“We, the Catholic Bishops of Canada, gathered in Plenary this week, take this opportunity to affirm to you, the Indigenous Peoples of this land, that we acknowledge the suffering experienced in Canada’s Indian Residential Schools,” the Catholic Bishops of Canada said in a letter. (File Photo – Sciete Historique De Saint-Boniface)
The letter further added “Many Catholic religious communities and dioceses participated in this system, which led to the suppression of Indigenous languages, culture and spirituality, failing to respect the rich history, traditions and wisdom of Indigenous Peoples.”
“We acknowledge the grave abuses that were committed by some members of our Catholic community; physical, psychological, emotional, spiritual, cultural, and sexual,” the letter said, adding that “We also sorrowfully acknowledge the historical and ongoing trauma and the legacy of suffering and challenges faced by Indigenous Peoples that continue to this day.”
The Catholic Bishops of Canada also added that “Along with those Catholic entities which were directly involved in the operation of the schools and which have already offered their own heartfelt apologies, we, the Catholic Bishops of Canada, express our profound remorse and apologize unequivocally.”
Furthermore, the Catholic Bishops said “We are fully committed to the process of healing and reconciliation. Together with the many pastoral initiatives already underway in dioceses across the country, and as a further tangible expression of this ongoing commitment, we are pledging to undertake fundraising in each region of the country to support initiatives discerned locally with Indigenous partners.”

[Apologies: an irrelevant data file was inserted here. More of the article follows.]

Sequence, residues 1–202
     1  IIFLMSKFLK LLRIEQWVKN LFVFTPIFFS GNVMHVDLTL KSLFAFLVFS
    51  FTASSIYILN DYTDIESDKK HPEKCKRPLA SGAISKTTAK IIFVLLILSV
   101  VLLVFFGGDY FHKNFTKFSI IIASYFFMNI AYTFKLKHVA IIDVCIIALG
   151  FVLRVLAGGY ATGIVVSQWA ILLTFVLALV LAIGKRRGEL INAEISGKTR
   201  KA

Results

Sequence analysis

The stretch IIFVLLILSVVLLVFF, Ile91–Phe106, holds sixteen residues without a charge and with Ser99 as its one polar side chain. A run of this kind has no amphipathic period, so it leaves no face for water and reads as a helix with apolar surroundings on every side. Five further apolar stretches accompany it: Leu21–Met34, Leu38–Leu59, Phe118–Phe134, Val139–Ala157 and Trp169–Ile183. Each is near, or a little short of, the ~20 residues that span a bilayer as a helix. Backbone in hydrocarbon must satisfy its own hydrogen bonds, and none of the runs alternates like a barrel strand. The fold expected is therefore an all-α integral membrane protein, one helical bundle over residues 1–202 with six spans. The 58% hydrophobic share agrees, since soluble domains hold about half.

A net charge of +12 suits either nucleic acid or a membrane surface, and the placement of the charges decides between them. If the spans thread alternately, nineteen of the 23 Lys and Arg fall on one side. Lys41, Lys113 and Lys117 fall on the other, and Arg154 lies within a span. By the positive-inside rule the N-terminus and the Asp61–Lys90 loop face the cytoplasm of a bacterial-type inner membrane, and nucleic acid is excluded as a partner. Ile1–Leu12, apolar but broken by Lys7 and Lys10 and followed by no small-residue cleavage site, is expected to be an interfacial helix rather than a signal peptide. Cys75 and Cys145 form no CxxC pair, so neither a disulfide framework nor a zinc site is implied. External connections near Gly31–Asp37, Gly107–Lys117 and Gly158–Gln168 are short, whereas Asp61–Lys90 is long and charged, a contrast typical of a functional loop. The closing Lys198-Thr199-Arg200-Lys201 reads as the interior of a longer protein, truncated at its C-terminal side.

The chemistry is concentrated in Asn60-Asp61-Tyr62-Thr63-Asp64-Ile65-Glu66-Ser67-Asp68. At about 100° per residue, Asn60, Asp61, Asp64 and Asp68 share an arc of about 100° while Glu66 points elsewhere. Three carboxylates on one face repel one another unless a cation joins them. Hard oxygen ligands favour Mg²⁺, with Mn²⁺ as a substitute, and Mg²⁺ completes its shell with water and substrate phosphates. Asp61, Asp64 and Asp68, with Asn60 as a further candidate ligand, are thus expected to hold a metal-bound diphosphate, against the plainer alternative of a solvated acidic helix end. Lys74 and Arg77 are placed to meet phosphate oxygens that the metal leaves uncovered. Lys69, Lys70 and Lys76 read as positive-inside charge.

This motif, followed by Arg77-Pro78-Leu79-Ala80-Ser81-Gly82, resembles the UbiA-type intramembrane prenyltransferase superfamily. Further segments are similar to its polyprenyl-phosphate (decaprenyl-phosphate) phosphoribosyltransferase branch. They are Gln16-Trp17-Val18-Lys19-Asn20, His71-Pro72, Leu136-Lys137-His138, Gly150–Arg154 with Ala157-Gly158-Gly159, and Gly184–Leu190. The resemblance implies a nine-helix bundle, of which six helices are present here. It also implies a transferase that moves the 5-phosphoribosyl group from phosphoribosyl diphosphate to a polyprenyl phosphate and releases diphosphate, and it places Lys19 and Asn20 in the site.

In other parts of their letter, the Catholic Bishops said “Furthermore, we invite the Indigenous Peoples to journey with us into a new era of reconciliation, helping us in each of our dioceses across the country to prioritize initiatives of healing, to listen to the experience of Indigenous Peoples, especially to the survivors of Indian Residential Schools, and to educate our clergy, consecrated men and women, and lay faithful, on Indigenous cultures and spirituality.”
“Having heard the requests to engage Pope Francis in this reconciliation process, a delegation of Indigenous survivors, Elders/knowledge keepers, and youth will meet with the Holy Father in Rome in December 2021,” the letter said adding that Pope Francis will encounter and listen to the Indigenous participants, so as to discern how he can support our common desire to renew relationships and walk together along the path of hope in the coming years.
This comes as hundreds of unmarked graves were discovered at the sites of former Residential Schools earlier in June this year, sparking outcry across the country.